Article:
Hourly billing is accurate, transparent and ethical. Really?

With “Hourly billing is accurate, transparent and ethical” John Chisholm demonstrates why he is regarded by many of his colleagues as an important iconoclast.

John writes: Recently an Oldlaw* partner told me that while a small minority of lawyers may have abused time-based billing, overall hourly billing is “good” because it is “…accurate, transparent and ethical“.

This is not the first time I have heard (and read) similar comments as justification for maintaining the billable hour model. Indeed when I was still a practising  lawyer I used similar justifications myself.

While there are several purported excuses for the existence of the billable hour, including:

  • it is easy to implement and understand,
  • it records effort,
  • all professionals sell time,
  • it is the norm as most of our competitors charge by time too,
  • it is acceptable to most clients and some demand it,
  • our practice management system is built around time,
  • our firm’s measurement and rewards structure is built around time,
  • it transfers all risk to our client.

I, like many, challenge the notions that the charging by time is “accurate, transparent and ethical”.

*“Oldlaw” I define as any law firm – big or small – that leverages people x time x hourly rate.

 “The billable hour is accurate”

Accurate = To be correct, exact, without any mistakes

To charge by time, you must keep a record of your time. And if your contractual engagement with your client is to charge by the hour or part thereof (broken down into 6, 10 or 15 minute units or whatever other iteration the management consultants, most of whom do not charge by time themselves, dream up) it follows that your time recording must be, at the very least, reasonably accurate.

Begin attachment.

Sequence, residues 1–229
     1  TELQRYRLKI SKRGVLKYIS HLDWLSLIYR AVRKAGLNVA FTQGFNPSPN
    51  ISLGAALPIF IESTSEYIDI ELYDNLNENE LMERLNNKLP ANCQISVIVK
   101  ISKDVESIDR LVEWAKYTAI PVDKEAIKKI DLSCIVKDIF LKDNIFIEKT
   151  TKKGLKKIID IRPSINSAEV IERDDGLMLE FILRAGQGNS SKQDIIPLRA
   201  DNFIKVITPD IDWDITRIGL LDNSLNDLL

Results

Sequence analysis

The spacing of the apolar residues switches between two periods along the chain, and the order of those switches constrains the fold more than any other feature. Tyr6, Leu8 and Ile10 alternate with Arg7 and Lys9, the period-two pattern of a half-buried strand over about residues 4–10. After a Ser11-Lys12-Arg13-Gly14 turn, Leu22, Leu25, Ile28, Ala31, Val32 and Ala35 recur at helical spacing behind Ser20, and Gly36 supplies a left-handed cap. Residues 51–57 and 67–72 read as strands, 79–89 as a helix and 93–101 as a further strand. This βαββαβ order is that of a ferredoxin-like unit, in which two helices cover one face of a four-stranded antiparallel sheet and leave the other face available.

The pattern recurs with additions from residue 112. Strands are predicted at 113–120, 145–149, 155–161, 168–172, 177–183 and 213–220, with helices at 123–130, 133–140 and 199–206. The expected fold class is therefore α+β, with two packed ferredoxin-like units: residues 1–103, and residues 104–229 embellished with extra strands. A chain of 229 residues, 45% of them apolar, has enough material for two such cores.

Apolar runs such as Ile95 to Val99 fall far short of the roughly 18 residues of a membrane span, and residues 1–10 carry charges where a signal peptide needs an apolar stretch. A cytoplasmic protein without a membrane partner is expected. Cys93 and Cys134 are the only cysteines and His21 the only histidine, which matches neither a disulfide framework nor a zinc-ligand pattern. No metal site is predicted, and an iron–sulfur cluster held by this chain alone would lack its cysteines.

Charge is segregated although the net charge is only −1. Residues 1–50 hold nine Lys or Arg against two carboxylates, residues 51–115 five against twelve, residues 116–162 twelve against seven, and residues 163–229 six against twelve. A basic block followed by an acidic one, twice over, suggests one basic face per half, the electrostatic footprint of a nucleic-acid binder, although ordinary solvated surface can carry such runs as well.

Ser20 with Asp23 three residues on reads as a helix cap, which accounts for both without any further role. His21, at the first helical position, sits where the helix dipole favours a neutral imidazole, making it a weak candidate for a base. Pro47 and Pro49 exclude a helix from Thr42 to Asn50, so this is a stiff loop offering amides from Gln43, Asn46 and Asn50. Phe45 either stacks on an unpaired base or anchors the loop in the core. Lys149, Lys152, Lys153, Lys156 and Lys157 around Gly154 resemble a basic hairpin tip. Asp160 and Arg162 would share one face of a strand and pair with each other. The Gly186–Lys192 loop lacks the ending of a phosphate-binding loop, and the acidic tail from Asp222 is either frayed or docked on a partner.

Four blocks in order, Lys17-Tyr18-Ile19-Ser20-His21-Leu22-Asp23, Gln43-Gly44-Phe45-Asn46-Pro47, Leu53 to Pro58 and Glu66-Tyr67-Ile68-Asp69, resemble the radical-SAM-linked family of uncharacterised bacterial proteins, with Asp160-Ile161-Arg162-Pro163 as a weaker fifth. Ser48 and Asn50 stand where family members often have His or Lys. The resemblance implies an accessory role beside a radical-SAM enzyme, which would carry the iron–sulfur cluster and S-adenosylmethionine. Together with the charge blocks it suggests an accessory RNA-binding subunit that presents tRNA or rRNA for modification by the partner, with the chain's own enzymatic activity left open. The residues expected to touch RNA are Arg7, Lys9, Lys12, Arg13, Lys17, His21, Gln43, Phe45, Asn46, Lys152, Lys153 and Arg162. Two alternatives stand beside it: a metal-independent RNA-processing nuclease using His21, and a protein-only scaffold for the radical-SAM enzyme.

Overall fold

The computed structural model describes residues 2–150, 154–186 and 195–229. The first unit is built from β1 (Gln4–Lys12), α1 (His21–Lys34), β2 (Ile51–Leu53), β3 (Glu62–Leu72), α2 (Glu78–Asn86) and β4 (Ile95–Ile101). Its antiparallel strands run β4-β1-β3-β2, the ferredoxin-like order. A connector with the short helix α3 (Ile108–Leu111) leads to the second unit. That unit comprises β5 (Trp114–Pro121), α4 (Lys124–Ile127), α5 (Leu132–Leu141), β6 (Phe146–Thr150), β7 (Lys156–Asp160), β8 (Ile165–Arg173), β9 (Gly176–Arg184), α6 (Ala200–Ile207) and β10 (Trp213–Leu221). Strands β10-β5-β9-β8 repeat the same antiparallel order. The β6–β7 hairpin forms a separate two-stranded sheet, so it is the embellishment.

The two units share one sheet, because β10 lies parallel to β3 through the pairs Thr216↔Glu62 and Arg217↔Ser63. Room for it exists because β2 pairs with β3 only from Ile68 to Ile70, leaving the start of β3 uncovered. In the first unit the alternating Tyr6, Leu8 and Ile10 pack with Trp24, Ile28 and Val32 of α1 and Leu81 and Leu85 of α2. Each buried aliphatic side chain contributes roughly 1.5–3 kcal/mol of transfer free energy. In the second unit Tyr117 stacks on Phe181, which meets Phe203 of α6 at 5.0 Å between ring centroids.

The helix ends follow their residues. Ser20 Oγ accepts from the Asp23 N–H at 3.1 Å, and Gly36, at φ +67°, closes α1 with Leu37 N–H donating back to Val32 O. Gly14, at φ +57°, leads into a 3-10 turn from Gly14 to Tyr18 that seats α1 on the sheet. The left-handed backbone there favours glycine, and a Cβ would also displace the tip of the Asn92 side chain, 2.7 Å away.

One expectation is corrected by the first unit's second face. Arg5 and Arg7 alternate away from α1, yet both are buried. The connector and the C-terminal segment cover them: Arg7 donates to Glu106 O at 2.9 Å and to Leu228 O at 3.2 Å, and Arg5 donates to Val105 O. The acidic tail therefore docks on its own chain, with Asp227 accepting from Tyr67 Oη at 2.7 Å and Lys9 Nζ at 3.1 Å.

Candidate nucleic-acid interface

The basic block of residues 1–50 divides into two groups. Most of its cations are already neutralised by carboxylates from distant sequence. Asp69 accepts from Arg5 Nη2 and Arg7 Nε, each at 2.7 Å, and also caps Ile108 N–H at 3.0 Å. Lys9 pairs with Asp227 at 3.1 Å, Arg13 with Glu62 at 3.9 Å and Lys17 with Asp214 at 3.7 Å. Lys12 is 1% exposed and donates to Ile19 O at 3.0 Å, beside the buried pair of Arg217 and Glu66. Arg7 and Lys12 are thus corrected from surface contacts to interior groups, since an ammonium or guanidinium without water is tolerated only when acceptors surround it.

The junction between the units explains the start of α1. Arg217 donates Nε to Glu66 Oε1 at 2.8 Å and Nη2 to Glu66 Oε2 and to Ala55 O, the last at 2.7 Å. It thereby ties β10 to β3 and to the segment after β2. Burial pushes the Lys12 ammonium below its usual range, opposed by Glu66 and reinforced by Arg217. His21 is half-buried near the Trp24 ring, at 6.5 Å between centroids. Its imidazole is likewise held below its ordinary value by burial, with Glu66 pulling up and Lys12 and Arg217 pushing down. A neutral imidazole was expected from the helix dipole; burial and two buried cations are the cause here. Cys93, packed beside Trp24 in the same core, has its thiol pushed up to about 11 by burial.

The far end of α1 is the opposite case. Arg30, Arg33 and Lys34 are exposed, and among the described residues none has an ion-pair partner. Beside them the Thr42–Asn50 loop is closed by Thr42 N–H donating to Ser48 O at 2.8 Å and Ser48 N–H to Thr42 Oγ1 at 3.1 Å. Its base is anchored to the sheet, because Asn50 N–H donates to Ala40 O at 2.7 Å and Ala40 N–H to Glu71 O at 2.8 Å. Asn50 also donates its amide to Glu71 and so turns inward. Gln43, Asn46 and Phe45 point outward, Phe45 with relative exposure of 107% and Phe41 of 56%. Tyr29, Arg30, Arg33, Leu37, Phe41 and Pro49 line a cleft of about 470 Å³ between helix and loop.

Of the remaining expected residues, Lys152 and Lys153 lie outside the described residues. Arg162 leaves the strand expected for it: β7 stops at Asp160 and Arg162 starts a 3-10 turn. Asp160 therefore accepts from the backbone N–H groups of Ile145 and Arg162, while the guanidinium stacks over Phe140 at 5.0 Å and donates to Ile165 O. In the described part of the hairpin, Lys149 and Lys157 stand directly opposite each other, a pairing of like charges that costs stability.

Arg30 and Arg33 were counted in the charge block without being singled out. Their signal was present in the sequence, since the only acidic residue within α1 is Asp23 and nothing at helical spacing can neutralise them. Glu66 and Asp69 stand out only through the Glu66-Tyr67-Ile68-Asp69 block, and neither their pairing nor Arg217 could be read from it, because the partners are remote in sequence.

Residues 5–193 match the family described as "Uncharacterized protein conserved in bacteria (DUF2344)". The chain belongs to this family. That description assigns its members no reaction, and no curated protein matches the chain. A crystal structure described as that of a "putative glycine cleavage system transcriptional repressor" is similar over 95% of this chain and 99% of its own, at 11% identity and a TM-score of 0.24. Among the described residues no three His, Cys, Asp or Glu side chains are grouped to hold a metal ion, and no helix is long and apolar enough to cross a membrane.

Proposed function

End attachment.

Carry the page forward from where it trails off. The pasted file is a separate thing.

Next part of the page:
Ever since the introduction of time-based billing, Oldlaw firms of all shapes and sizes have been drilling into their “fee earners”(an awful expression, only exceeded by the derogatory term “non-fee earners”) the importance of accurately recording all billable time because that is what is primarily measured and rewarded.

Manual recording by time has moved to automated recording. A plethora of practice management vendors extol the virtues of their systems which “capture time”. Alas! Even with all the help from technology we still cannot seem to get time recording accurate.

Why? Simply because time recording requires human input to either manually record time or to push a button to start/stop automated time recording. It is physically and psychologically impossible for human beings, no matter how good their intentions, their intelligence or their “time capture” software to accurately record time spent. Law is not practiced in some kind of vacuum. Like most of us, lawyers are often interrupted on whatever they are working on by emails, by colleagues (including those “non-fee earners”), by phone calls, texts, etc-so unavoidably accurate time recording gets ‘overlooked’.

At best, any professional records the time they think they spent on something or what they think they should have spent on something.

At worst, we  forget completely the time we spent on something maybe for always and sometimes for days or even weeks (often until the managing partner sends an” all firm” email on the second last day of the month reminding all that “chargeables are down and all fee earners must lodge their timesheets”), then we “guesstimate” or we simply make it up.

 No the billable hour is not accurate and never will be.

“The billable hour is transparent”

Transparent = Easy to perceive or detect, open to public scrutiny

I confess to never being sure why this statement has any ring of truth to it. It just seems to be one of those sayings that rolls easily off the tongue and if you say it often enough people will believe it. I suspect the “transparency” part stems more so from some notion that “you only pay for the time spent” rather than any real “openness” context.